In Man Made Moon, Kathleen Ryan’s first solo exhibition in China, an arrangement of three sculptures, titled Frequency, Cool Breeze, and Bacchante, emphasizes Ryan’s ongoing interest in exploring the sculptural possibilities of materials like stone, iron, concrete, and clay. Drawing symbolic resonances from ancient Roman mythology, 1980s broadcasting technology, and the flora of Southern California, Ryan’s work is insistent on its physicality yet ultimately tied to the intangible weight of time and memory.
Bringing together nearly 80 works, Thebes represents a new chapter for Benoît Maire (born in Pessac, France in 1978) whose work, which stands at the crossroads of art and philosophy, is the result of a fictile materialization of his aesthetic theories. It expands on the reflections that Benoit Maire has conducted since 2008 around concepts of dispute. He explores, through a generalized economy of collage, points of disjunction and spaces of irresolution, that have been created through the meeting of objects and concepts, but also by the meeting of matter and thought.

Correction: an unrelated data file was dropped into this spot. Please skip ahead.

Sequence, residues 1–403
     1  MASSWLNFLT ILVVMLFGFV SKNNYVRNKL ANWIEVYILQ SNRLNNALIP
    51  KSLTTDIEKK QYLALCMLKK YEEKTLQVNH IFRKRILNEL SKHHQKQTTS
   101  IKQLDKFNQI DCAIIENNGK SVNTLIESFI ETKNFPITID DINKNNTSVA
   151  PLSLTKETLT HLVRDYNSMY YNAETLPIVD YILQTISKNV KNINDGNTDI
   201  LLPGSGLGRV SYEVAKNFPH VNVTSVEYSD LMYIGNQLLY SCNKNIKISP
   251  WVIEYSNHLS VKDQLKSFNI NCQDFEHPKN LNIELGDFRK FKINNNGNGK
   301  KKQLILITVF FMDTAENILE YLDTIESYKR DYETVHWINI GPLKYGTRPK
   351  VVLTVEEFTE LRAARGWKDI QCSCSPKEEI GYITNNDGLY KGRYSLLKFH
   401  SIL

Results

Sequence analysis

The tipi, an iconic symbol and perhaps one of the most widely recognized structures of early life for Plains Indians, gets a space-age makeover in the newest installation at the Smithsonian’s National Museum of the American Indian, George Gustav Heye Center in New York. The installation is the creation of the ITWÉ Collective, a trans-disciplinary art collective dedicated to research, creation, production and education in the field of Aboriginal digital culture, based in Winnipeg and Montréal, Canada, and composed of Sébastien Aubin (Cree/Métis), Kevin Lee Burton (Swampy Cree) and Caroline Monnet (Anishnabe/French).
Ed Fornieles Siva-leet (Televisa), 2018 and Fintlex (Netflix), 2018
MATERIAL ART FAIR
8-11 February, 2018
Arsenal Contemporary is proud to present Ed Fornieles: The Finiliar, marking the artist’s first presentation in Mexico. Sculptures and LED screens together present an imagined brand, adapting the symbols of Japanese collectibles to examine the global circulation of capital.
The Finiliar’s existence is tethered to structures far beyond the control of any singular author, including the artist. Instead, its fate is predicated upon the data on which it relentlessly feeds—the perpetual flux of an unreliable market returned and reembodied as the creature’s psychological states.
For this presentation at Material Art Fair, Fornieles has created two new Finiliars, avatars of Televisa and Netflix, a traditional national media company and its global competitor. Each Finiliar’s health is inexplicably linked to the other’s as they vie for your attention, in and out of their art context, fighting to dominate in an already over-saturated market. In this sense, the Finiliars battle for survival, or at least an awkward co-existence, each aware that one’s success might lead to the other’s demise.